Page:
Editorial: Shareholders should have more say over executive pay
The fight at Simon Property Group argues for stronger shareholder rights to limit executive pay at public companies.
Seattle Times Editorial
A legal fight between a police-pension fund and America’s biggest owner of shopping centers raises an issue of public concern. It is about shareholder rights and CEO pay, and on a deeper level about Wall Street versus Main Street.
The company is Simon Property Group of Indianapolis. Around here it owns Northgate Mall and Tacoma Mall. Simon Property is a classic Wall Street company, a tax-favored real-estate investment trust whose shares are traded publicly on the New York Stock Exchange. Its CEO, David Simon, 50, owns a small minority of the common shares but is the son of one of the two founders and has been CEO since 1995.
In 2011 his board of directors declared him a genius of American real estate and awarded him 1 million shares on top of his generous bonuses and pay. When granted, the stock was valued at $120 million; it is worth closer to $150 million now. For one man this is a stupendous sum, but it might be imaginable, barely, as a reward for outstanding future performance. In Simon’s case, however, the board gave him the shares simply for showing up at work until 2019.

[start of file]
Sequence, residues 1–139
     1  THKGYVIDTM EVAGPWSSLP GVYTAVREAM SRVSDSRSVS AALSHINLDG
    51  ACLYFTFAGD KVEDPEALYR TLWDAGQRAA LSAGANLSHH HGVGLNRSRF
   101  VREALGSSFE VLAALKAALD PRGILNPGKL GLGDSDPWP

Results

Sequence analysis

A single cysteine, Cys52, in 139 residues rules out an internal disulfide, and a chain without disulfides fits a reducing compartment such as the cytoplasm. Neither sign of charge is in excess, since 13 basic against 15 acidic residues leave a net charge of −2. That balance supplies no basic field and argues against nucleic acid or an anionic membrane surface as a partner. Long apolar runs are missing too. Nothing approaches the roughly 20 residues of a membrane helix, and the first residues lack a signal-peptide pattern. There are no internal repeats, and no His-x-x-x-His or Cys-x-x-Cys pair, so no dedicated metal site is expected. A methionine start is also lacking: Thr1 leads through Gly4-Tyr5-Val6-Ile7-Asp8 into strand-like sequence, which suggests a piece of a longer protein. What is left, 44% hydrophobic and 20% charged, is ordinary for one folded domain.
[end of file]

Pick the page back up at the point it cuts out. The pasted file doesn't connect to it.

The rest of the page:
Thanks to the Dodd-Frank Act signed in 2010 by President Obama, public-company shareholders get to vote on actions like this.
At Simon Property Group most of them are institutional investors who have a distinctly nonpopulist view of CEO pay. They don’t object to big money on moral grounds if a practical argument can be made for it. Last May, they voted 73 percent of the shares against the award to Simon.
Under the law, their vote was advisory only. In any case, the deal was already done.
A shareholder, the Louisiana Municipal Police Employees’ Retirement System, filed a lawsuit. Its argument has to do with the language of the company incentive plan and the rules of the stock exchange, but the broader question is one about ownership and control of public corporations.
Too often in public companies, managers overreach and owners don’t act. But here they did; by corporate standards the vote at Simon Property Group was an owners’ insurrection. And it made no difference.
If this is how public companies choose to behave, they are asking for more rules. One should be to have shareholder votes on executive pay before the money is promised, and not merely be advisory.